Editorial: You should never go back

Editorial: You should never go back

In our personal and professional lives, there is an old adage that you should never go back. Those words probably ring true this week for Digiland Australia founder, Laurie Carmichael, who has left the company for a second time just 12 months after rejoining the embattled hardware distributor (see page 4 of the March 5 Edition of ARN Magazine).

When you have been successful at a company once, it is easy to don the rose-tinted spectacles and believe you can do it again. It's hard to say whether Carmichael jumped or was politely asked to leave but the company he returned to a year ago was very different to the one he left in 2000. The market is also unrecognisable.

Digiland has been trying to rebuild during the past couple of years after the loss of contracts with major brands including HP, Epson, Maxtor, Linksys, AMD and MSI. While Carmichael tried hard to put a positive spin on attempts to reinvent itself as a digital home specialist, the truth is it had little choice but to look for opportunities in emerging technologies.

It is common knowledge that Digiland was guilty of putting too many eggs in its HP basket and was dealt a massive blow when losing that agency. The Digiland name is a millstone in this market these days and none of the major brands will touch it. Upon leaving, Carmichael admitted the company had struggled to secure major distributions locally.

So now a new face, Lawrence Sim, has flown in from Singapore to take the reins. But although Digiland is focusing on emerging technologies, where higher margins mean high volumes are not so crucial, he is likely to find it extremely tough going. Unless there is a digital revolution in Australian homes some time soon, you have to wonder how long it will be before head office in Singapore pulls the plug on Australian operations.

As for Carmichael, his 20 years in the industry will make him an attractive proposition for another company before too long. It is difficult to leave an industry after so long and he is likely to pop up somewhere on the merry-go-round in the months ahead.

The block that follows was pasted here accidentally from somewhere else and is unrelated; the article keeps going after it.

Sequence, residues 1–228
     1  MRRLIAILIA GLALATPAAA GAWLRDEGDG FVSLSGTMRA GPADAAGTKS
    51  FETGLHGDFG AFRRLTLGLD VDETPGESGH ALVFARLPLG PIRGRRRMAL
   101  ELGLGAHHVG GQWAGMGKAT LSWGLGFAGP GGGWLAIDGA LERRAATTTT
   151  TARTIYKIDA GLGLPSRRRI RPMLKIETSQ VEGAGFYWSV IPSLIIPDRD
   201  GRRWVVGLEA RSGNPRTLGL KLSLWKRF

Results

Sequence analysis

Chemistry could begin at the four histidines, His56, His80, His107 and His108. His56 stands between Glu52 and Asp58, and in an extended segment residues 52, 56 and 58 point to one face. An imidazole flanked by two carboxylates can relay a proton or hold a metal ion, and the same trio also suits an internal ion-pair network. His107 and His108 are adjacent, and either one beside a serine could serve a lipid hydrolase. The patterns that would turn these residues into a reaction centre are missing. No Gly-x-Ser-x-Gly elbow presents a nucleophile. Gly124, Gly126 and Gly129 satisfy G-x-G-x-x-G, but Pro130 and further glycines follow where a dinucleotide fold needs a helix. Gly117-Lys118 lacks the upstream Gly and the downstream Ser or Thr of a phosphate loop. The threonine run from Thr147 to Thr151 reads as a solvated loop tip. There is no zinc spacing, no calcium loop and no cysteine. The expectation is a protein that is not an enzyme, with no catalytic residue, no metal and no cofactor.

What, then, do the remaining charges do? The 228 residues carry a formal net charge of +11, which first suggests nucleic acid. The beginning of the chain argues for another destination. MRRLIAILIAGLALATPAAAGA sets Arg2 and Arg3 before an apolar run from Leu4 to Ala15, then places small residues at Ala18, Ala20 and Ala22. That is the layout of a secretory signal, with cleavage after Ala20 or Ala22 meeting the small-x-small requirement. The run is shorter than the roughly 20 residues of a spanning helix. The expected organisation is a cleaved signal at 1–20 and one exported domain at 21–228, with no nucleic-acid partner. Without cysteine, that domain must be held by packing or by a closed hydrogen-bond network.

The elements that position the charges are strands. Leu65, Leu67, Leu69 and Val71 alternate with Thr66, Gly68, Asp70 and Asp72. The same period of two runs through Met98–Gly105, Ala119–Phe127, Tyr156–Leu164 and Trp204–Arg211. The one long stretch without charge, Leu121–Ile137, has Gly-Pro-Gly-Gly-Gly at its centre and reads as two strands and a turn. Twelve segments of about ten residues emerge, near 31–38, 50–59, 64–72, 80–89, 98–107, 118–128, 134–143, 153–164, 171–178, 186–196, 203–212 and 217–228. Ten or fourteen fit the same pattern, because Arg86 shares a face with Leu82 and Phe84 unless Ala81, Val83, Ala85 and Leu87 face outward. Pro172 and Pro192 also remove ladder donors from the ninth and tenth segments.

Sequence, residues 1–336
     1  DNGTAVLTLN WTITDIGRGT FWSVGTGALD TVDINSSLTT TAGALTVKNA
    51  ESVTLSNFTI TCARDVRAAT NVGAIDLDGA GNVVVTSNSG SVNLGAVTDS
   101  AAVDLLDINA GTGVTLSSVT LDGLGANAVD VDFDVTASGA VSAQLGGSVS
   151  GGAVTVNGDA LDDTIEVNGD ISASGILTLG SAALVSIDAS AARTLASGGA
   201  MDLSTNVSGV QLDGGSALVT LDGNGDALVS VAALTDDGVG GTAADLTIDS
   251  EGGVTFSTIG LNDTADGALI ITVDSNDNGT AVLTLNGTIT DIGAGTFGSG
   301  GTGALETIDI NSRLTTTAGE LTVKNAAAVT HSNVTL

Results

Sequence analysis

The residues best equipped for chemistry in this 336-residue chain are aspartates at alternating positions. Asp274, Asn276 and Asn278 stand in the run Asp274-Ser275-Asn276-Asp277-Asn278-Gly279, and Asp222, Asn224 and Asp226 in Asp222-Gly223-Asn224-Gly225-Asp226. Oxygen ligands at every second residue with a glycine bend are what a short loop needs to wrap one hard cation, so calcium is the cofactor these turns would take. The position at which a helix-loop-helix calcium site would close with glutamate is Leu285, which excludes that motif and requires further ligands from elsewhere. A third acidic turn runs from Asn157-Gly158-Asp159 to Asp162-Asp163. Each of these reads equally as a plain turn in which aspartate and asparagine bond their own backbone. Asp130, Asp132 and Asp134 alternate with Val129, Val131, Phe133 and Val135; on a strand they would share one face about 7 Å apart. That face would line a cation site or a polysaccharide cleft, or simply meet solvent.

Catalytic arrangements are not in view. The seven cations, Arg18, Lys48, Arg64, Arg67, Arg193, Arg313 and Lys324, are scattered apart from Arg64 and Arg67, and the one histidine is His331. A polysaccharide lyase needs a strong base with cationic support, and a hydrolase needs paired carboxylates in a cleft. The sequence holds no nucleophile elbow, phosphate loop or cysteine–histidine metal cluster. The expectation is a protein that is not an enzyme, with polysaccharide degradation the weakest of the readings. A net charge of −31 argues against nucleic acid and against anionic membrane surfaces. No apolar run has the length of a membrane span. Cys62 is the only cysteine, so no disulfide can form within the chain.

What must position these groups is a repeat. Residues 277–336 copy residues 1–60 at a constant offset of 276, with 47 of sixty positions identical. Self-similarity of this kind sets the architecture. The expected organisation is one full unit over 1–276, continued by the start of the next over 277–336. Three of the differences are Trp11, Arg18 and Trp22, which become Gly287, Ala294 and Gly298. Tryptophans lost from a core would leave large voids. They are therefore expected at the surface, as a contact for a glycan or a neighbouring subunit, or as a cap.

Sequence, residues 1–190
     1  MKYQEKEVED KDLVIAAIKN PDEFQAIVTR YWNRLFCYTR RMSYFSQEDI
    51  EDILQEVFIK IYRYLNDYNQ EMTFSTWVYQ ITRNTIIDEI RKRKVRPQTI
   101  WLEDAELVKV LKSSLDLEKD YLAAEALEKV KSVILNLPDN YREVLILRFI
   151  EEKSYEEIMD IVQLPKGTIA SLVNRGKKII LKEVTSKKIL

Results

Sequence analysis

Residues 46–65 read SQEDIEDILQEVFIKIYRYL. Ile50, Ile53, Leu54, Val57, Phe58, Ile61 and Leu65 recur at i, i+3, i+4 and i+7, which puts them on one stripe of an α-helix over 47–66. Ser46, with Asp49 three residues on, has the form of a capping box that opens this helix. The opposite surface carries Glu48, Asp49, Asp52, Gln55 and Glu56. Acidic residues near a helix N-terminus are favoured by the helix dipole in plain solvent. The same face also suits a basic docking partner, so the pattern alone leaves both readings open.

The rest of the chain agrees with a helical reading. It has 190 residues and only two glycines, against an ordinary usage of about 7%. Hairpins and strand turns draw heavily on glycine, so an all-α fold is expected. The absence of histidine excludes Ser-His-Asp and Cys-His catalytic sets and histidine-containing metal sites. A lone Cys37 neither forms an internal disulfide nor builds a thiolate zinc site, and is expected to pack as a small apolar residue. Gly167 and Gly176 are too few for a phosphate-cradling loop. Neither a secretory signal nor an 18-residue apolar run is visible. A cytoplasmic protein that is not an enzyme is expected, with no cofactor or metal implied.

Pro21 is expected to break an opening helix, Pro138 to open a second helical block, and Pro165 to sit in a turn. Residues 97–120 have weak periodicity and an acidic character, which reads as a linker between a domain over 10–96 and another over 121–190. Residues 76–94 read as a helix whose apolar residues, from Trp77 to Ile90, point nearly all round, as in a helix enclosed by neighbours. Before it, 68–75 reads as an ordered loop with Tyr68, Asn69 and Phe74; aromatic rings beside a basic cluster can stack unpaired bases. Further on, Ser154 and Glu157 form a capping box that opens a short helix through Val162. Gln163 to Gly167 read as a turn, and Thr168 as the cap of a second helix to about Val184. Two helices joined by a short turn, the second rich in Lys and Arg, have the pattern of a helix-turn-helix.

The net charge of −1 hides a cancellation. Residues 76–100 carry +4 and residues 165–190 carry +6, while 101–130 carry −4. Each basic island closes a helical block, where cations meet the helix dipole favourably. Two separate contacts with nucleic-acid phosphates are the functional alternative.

Dicker Data is another distributor to have recently parted company with a key member of staff - sales manager, Gaynor Foletti. But its attempts to finalise an acquisition are of more general interest to the market (see page 1 of the March 5 Edition of ARN Magazine).

In the recent ARN distributors' supplement, managing director, David Dicker, made it quite clear that he has an aggressive growth agenda this year and is prepared to achieve those aims by getting out his chequebook.

While understandably reluctant to disclose the name of his target to the market, Dicker did say the proposed buyout would extend his company's geographical reach and broaden its product portfolio. As previously reported in ARN, these are both key strategies Dicker plans to employ in an attempt to establish itself as a viable alternative to Ingram Micro.

The other, of course, is to secure distribution rights to HP printers. A new boss is due to take the reins of that business next month and should expect Dicker to be one of the first people knocking on his door.

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